Yes – Christ is risen – alleluia – the grave is empty; there is great good news to tell. We sing it out – the powers of death have done their worst, but Christ their legions hath dispersed. BUT…this year … The miasma of Covid-19 has not, yet, been dispersed. It has not, yet, done its worst. It’s Easter, the day of Resurrection, and it’s somehow still Good Friday, the day of death; and over it hangs the shadow of Holy Saturday, the day of despair and mourning.
It’s not all happening in the story’s appointed, tidy order. They seem to be all jumbled together. It feels like our time machine has a short. It’s on the fritz, and we only get glimpses of the rest of the day, that first day when resurrection began in the dark. The accounts are jumbled.
The women were at the empty tomb first. They got up in the dark. I’m guessing that in their grief and fear, they hadn’t slept much anyway. They had been through a week of very real and embodied horror. They had kept the Sabbath, most of them away from home, a Sabbath of heartbreak and mourning. They showed up with their burial spices and shrouds, ready to take on the guards if necessary. That was all very concrete and straightforward, but at the empty tomb, reality got very hard to pin down.
Some say the women fled in terror. Some say they reported what they found and were dismissed as foolish gossipers. Some say the men believed something had happened, but then got into an argument about which of them got there first. At first, only the women actually saw the risen Christ, the firstborn of the new creation. What happens next gets more jumbled, from one Gospel account to another. The women witnessing to the men, with mixed results. Matthew seems to have the men heading out to Galilee. A later account reports clergy bribing soldiers to tell people the body was stolen by the disciples. A couple of people walking from Jerusalem to Emmaus had a conversation with the risen Jesus. But by most accounts, by sundown, the disciples, the men, were gathered in a room in Jerusalem and the door was locked. They had self-quarantined.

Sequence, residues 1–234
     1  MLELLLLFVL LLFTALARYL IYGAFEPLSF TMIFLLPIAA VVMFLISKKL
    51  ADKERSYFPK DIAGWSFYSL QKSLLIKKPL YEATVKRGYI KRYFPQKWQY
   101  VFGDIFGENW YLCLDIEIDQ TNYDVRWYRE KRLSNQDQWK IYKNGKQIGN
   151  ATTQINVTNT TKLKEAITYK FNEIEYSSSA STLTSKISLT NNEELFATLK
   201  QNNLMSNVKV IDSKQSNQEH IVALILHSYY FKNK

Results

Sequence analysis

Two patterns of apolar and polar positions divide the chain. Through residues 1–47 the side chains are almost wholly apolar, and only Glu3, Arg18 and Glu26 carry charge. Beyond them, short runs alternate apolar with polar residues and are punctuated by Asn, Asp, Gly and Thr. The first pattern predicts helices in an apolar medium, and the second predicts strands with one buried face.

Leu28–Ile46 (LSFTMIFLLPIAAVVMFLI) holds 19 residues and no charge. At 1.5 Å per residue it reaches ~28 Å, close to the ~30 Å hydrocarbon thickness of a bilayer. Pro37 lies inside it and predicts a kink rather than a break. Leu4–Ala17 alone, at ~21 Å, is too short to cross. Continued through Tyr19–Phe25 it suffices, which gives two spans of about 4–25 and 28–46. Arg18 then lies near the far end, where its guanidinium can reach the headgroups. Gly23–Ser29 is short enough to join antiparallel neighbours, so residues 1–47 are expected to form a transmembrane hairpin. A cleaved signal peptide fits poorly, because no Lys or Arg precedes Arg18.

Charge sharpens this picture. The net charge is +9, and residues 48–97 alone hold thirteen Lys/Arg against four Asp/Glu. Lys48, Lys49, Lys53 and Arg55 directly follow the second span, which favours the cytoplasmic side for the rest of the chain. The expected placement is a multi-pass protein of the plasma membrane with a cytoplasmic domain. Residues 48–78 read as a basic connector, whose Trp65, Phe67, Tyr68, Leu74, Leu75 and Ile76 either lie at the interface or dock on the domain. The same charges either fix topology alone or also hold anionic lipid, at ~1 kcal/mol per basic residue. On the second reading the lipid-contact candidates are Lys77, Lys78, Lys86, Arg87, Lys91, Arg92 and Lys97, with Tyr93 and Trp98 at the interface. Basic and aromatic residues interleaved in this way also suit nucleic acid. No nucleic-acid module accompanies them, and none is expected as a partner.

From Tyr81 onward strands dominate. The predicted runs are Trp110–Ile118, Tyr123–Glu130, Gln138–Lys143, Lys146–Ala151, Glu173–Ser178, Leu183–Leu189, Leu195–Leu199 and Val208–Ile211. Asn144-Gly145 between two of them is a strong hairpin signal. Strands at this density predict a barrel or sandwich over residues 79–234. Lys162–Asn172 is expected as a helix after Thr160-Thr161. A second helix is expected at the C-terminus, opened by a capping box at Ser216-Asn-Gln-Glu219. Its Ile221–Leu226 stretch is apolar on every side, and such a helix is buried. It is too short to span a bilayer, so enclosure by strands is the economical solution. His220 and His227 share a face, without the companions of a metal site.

Stop and think about that for a minute. All those people, on that crazy day, in a room locked from the inside. This is when I really want that time machine to work. What were those conversations, this weekend after the worst Passover since the Exodus? The women, who stuck around to endure the day of crucifixion, witnesses to the risen Christ? Peter, last seen denying Jesus three times in the courtyard at Herod’s house, now in a footrace with to the tomb? The other men, scattered somewhere around Jerusalem, hiding from the crowd, hiding from the priests, hiding from the government – hiding from death?